Can physical therapy help kids with arthritis?December 1, 2015
Did you know that physical therapy can help kids with arthritis? Juvenile Rheumatoid Arthritis (JRA), also called Stills disease, is the most common form of arthritis seen in children and young adults. Children commonly complain of joint pain and stiffness, along with an occasional fever.
JRA can impact fine movements and overall mobility if left untreated. While medical therapy is the mainstay of treatment, physical therapy and rehabilitation are essential to restoring full movement and quality of life.
How does physical therapy help?
Physical therapists are trained experts at delivering a variety of treatments to help reduce pain and improve joint movement.
A child experiencing pain and dysfunction can feel isolated and left out, unable to participate in group activities with other children. A physical therapist can help the child to improve muscle tone, strength and reduce joint inflammation. This helps children regain the quality of life they deserve; allowing them to live with less pain and enjoy the benefits of unrestricted movement.
A physical therapist uses a variety of techniques to help kids recover from the effects of joint pain.
1. Exercise: Aquatic therapy (in a swimming pool), passive exercises, and various exercises to increase muscle tone in a group environment are safe, fun and beneficial for children.
2. Contrast therapy: Alternating hot and cold therapy results in a fluctuation in blood supply to the affected joints. Increasing and decreasing the blood supply helps reduce pain and inflammation. Ultrasound therapy can be used as an adjunct for further relief.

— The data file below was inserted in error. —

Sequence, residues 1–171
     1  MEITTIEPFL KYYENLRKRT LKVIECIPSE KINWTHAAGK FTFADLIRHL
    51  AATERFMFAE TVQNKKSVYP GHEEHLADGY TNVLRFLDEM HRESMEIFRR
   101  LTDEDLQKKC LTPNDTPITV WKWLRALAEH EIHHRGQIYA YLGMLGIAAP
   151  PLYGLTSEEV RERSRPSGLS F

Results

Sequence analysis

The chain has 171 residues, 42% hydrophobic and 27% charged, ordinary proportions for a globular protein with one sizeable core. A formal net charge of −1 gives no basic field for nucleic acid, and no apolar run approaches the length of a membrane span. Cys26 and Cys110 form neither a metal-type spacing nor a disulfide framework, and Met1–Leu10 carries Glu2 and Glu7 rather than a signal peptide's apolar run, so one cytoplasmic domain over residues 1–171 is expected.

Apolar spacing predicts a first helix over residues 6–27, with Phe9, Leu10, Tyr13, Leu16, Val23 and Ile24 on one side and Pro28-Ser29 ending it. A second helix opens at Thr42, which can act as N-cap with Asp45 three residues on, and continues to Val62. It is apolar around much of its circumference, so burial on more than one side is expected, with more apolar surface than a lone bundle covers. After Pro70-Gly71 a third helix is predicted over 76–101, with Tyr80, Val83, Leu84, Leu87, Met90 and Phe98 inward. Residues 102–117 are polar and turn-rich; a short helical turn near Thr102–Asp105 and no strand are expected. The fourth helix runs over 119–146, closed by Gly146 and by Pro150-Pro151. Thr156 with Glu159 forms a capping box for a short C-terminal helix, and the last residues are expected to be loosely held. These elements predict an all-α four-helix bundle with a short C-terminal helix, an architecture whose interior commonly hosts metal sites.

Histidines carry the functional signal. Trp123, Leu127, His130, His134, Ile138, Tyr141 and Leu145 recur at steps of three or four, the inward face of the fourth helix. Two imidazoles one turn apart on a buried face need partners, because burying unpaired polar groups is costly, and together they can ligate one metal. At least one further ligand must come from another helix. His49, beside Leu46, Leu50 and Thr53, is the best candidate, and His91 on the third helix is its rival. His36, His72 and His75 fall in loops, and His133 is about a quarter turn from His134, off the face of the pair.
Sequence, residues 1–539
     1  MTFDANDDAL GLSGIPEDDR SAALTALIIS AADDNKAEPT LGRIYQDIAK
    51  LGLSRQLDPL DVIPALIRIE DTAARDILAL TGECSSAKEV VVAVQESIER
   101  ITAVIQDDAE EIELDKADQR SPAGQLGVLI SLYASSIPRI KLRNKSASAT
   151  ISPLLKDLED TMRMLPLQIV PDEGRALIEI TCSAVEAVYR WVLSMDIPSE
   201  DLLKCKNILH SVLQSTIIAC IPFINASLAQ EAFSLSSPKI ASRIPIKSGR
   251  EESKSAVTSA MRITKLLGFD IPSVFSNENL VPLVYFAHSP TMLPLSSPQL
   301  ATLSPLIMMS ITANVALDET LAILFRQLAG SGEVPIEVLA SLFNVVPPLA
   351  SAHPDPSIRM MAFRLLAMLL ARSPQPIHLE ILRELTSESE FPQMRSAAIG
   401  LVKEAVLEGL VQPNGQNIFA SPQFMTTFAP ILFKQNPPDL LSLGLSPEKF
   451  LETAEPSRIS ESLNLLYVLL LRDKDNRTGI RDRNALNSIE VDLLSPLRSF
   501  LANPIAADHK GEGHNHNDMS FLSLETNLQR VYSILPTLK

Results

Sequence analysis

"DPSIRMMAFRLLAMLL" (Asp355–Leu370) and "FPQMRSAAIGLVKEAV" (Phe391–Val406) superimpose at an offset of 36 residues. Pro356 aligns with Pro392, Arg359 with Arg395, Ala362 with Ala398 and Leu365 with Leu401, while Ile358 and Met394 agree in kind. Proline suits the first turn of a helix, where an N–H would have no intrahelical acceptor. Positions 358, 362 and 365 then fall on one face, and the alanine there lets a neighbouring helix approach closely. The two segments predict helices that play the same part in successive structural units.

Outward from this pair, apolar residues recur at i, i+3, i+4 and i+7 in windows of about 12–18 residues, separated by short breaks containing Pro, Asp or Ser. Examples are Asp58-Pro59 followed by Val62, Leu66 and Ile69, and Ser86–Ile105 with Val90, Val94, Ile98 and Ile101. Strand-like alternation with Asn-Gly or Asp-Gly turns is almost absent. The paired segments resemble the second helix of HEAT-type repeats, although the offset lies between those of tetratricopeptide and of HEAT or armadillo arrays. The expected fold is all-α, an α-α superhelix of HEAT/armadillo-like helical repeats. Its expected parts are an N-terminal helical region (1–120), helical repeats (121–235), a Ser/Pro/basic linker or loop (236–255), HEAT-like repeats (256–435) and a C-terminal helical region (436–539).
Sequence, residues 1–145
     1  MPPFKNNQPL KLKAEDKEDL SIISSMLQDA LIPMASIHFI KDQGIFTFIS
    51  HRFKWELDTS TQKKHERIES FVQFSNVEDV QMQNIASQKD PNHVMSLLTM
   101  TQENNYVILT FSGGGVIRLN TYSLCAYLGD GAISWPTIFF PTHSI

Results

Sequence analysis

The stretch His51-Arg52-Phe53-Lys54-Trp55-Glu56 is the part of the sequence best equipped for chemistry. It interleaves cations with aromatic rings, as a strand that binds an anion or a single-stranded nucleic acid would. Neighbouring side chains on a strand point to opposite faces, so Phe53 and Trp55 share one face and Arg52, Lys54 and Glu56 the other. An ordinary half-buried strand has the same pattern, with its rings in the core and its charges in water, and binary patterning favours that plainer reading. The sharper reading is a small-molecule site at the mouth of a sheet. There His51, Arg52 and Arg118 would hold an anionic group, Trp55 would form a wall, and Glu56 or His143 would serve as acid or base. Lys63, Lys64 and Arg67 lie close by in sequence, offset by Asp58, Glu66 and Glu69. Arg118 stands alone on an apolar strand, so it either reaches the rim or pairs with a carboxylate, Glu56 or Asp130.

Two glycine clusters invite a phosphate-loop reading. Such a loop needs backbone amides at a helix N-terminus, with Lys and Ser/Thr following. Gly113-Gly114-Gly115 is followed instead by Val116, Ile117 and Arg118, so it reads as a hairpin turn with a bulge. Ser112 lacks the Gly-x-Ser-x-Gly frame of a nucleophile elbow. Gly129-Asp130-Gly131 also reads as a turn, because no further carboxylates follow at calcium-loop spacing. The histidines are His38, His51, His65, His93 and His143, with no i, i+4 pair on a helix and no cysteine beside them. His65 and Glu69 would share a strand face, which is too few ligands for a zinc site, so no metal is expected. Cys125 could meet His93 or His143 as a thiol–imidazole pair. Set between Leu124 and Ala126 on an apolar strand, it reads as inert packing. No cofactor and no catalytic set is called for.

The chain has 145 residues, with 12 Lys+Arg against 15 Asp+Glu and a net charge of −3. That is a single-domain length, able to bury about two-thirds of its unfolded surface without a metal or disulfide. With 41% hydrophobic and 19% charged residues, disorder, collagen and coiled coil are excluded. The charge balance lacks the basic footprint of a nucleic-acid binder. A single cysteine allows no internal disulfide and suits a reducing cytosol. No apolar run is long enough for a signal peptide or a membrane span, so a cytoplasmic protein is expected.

3. Manual therapy: Physical therapists can use manual joint techniques and soft tissue massage to help relieve pain.
4. Orthoses: This involves offering the patient aids to correct deformity, increase joint movement and facilitate mobility. A variety of devices that can support the spine, ankle, hip, and knee are available. These orthoses are usually custom made and can provide great relief from pain as well.
JRA is a common clinical problem in children and young adults. For a child, movement restrictions are crippling from a physical and psychological standpoint. Children like to move, participate in group exercise with other children and remain physically active. Physical therapy is a critical part of the treatment process for children with JRA. A licensed physical therapist can create a treatment plan to provide pain relief and improvement in joint movement. For a child living the ‘golden years’, physical therapy can improve quality of life.